Heat pump technology may be complicated, but they are an easy solution to the energy transition.
For over 10 years, my friend Thomas Nowak, Secretary-General of the European Heat Pump Association (EHPA), had been lobbying me (and pretty much everyone he met) to invest in a heat pump. So when the opportunity arose, I took the leap… and a loan.
To the energy transition geeks, heat pumps are a no-brainer but to the layman like me they are not an easy sell: they are rather unattractive metal boxes that are expensive and the technology is hard to understand:
Basically, you take the air from outside and convert it to hot water inside… ok, but how? Think of how a refrigerator works (the geeks say), only think of it in reverse… Ok, well, I’m not sure how a refrigerator really works, so this doesn’t help that much…
In a nutshell, that’s how an air-to-water heat pump works. Armed with the basics, I made the leap and called up a provider who visited my house with another guy; when we agreed on a heat pump that was the appropriate size and capacity for our house, they put us in contact with an installer (or ‘entrepreneur’ as they are called in Wallonia, Belgium).
The entrepreneur then sent out a tandem of workers from Georgia that spoke in a beautifully incomprehensible language, so we conversed in made-up sign language. They would get rid of the 3,000-liter metal container that held the ‘mazout’ – a crude oil that came after coal to heat homes and buildings in Belgium (and elsewhere of course).
It was fulfilling to see the sparks flying in the basement and to watch them cut through the thick metal container as if they were cutting through cardboard. They would spray some product ahead of the saw that was made of dull diamond teeth, and it would chatter away as it clipped away easily at the metal. Large pieces came off like huge flakes, revealing a pit of mucky oil at the bottom of the container, that they scooped out with plastic buckets and a siphon.
Behind the old oil container, we found a half-empty bottle of wine covered in dust and an old pair of beige shoes with metal buckles and stumpy heals. Strange relics from the previous owners. Like the empty 50 cl Jupiler beer cans found in walls of the rooms upstairs when renovating. A key lesson about this renovation is that insulation is the #1 ingredient to good energy efficiency: we got rid of the oil tanker and we did not connect to gas and someday we’ll put solar panels on the southern patch of roof that we have, but the heat still goes out the cold walls and roof that were not insulated. Empty beer cans and some foam spray doesn’t cut it for insulation!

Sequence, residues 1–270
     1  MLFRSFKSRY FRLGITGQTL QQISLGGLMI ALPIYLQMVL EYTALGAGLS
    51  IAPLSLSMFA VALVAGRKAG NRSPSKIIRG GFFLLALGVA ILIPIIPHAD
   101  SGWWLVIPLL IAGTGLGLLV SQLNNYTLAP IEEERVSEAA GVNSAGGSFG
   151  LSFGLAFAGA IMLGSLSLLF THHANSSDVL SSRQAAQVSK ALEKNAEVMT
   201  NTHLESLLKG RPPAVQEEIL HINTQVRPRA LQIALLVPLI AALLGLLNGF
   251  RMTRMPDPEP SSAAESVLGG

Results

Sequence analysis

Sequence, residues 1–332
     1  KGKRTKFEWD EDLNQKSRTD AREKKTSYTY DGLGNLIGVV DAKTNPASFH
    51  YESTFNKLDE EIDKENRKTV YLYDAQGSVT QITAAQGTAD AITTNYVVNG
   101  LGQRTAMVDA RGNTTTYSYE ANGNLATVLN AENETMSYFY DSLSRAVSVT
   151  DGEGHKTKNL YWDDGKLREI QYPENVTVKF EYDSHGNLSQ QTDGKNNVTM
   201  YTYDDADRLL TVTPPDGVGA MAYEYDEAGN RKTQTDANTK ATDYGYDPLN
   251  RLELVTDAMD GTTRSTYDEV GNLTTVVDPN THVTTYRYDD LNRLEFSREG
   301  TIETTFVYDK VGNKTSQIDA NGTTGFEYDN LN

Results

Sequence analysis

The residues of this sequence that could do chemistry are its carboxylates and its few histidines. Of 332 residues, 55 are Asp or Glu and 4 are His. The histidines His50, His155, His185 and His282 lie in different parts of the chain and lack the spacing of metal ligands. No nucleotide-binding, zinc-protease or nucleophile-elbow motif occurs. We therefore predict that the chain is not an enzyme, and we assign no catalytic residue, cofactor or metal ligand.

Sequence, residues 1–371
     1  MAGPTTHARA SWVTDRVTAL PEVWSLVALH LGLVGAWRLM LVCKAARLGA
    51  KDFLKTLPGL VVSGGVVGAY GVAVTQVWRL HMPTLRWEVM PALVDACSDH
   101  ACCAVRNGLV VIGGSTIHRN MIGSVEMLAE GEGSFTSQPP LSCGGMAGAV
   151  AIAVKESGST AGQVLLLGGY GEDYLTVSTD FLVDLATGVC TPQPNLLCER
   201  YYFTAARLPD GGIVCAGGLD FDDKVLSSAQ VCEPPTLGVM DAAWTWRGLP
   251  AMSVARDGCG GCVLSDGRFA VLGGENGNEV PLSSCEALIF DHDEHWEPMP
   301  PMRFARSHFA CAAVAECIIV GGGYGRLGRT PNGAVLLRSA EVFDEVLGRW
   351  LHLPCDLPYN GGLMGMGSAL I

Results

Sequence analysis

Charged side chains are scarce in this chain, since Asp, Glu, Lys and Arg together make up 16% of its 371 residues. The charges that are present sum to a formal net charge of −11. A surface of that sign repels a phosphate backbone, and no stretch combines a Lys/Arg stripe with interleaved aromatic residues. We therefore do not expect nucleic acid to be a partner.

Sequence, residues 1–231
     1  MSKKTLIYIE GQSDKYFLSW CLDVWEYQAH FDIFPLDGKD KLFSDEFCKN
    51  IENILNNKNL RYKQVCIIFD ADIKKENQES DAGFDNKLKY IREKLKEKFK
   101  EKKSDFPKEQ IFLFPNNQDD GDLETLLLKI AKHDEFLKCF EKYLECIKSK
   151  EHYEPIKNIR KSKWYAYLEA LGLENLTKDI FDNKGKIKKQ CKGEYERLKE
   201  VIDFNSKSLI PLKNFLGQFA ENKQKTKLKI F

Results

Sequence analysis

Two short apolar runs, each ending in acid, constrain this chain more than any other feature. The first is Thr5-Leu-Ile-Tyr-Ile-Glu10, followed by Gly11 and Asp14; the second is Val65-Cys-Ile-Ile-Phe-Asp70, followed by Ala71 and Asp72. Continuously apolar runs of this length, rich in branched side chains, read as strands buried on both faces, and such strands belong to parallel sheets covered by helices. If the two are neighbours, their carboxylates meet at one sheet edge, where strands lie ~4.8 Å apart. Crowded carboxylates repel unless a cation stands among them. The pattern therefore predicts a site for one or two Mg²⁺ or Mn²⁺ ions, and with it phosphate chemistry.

The removal of the oil tanker took place at the end of November 2019, a few days before the climate negotiations (the so-called ‘COP25’ that year) in Madrid (that were supposed to take place in Chile). While I was happy to meet my personal deadline of becoming ‘energy independent’ by 2020, the challenge of having no heating going into the winter became a reality when the installation of the heat pump was delayed by a week.
I was in Madrid that week covering the climate talks, but my wife and daughter were at home, and they made lots of warm drinks and went over to our neighbours to shower for a few days. The timing was inconvenient but it was not that cold – not compared to eastern Europe that suffered fatalities that winter.
The heat pump was finally installed a week after schedule: the workmen left a hole in the wall outside where they missed their first attempt at drilling a hole for the new pipes and they left a muddy work area in the yard where they had stomped around installing the metal box outside.
But all is well that ends well: we are happy with our little Alpha Innotec metal box humming away outside our living room window, literally letting off steam that plumes up in little evaporating clouds when the excess heat is released from the compressor system. Our electricity bill went up as expected, but it’s stable now, and it’s less than the cost of getting a refill of crude oil every six months or so.
With time, we will invest in solar panels to reduce the electricity bill further. In a couple of years, the 5-year heat pump investment will be paid off, and then the solar panels will be paid off, and we will be running on a net-zero electricity bill with sustainable heating for the foreseeable future.
The sceptics will say: ‘sure, then you’ll have to buy a new metal box’. Yes, with time, all materials degrade and need repair, but with the prices dropping and the re-introduction of green credits for example, it will be much affordable for all, and with the colossal rise in gas prices due to the war in Ukraine, it’s now really worth getting a heat pump.
Other sceptics will say: ‘great, but your electricity is still coming from nuclear or fossil-fuel power plants, so you’re not doing much.’ We can all only do so much. It’s for governments to take responsibility for ambitious policies and to lead in the energy transition. That’s what Europe is trying to do with all the geopolitical dynamics at play… energy independence makes the most sense.